How Do I Know a Twin-Engine Jet Can Fly on Just One Engine?
Because I was at 30,000 feet when one of our engines quit, and I’m still here to tell you about it. That’s how.
It happened in 1974. I was living in Belo Horizonte, Brazil, at the time, and my wife and I were flying to São Paulo. We were already familiar with Brasilia – where we’d lived for a couple of years – Rio de Janeiro, Bahia and Recife, among other places of interest, but we had not yet visited Brazil’s largest city.
It was only an 80-minute flight – just long enough to get up to cruising altitude, have dinner and prepare to land. As the flight attendants were serving the passengers seated toward the front of the plane, the overhead lights on our (left-hand) side of the cabin suddenly went out, a muted bell-like signal to the cabin crew sounded, and we perceived a distinct deceleration and drop in the level of engine noise. A few moments later I realized that we were flying with the nose of the plane noticeably elevated – apparently to gain additional lift. The final clue that something was amiss was that the flight attendants immediately began collecting the dinner trays they had just been distributing. It took me only moments to realize the left-hand engine had quit and that the pilot was compensating for the loss of power. No announcement – reassuring or otherwise – from either the cockpit or the cabin crew was forthcoming, however.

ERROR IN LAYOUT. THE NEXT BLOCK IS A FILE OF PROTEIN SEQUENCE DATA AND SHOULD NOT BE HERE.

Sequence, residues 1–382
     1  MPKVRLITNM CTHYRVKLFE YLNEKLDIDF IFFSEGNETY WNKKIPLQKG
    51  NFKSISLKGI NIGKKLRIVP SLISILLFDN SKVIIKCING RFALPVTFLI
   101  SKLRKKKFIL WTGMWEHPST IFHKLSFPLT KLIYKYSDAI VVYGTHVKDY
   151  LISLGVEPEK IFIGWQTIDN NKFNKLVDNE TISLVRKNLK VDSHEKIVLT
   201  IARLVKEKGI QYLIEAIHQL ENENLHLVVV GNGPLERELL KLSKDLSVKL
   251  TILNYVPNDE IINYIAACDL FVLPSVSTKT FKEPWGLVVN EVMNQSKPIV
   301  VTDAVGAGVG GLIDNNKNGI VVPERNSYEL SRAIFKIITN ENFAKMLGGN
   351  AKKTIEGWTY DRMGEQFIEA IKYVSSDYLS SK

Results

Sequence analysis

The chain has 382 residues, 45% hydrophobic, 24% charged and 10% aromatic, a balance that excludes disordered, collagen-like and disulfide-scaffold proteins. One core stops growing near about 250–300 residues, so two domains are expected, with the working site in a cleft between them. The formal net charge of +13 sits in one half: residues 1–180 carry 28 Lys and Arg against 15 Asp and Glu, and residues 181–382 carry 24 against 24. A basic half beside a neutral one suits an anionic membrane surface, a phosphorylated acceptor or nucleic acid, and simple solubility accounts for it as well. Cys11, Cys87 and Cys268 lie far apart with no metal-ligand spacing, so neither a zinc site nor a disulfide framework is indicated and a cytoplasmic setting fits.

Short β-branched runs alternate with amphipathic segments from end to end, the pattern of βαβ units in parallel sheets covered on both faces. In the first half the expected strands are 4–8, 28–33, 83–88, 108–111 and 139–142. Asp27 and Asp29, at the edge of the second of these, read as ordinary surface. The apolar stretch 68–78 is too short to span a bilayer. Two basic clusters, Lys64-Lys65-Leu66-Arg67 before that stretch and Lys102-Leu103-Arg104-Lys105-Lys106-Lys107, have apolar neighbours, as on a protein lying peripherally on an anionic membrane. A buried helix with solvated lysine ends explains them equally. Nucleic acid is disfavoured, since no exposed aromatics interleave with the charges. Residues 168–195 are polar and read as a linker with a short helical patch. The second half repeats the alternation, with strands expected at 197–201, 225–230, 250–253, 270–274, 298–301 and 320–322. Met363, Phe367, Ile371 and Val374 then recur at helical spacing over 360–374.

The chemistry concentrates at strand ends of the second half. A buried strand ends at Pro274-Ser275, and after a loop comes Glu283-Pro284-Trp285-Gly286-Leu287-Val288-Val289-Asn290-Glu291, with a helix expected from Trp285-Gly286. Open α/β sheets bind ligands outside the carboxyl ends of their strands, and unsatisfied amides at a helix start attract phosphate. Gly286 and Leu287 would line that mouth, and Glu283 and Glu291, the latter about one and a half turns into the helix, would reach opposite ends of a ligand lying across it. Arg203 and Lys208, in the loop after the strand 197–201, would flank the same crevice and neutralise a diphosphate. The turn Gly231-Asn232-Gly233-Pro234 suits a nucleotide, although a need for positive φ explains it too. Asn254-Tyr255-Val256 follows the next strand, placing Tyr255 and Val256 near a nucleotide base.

As we came in to land, I saw a number of fire trucks lined up along the runway, confirming my understanding of what had happened. Disembarkation went smoothly, and as I got to the door I said to the flight attendant who was wishing us all a pleasant evening, “We lost an engine, didn’t we?” She just kept smiling, neither confirming nor denying my thought.
I suspect a similar situation in U.S. skies would have been handled a lot more candidly.
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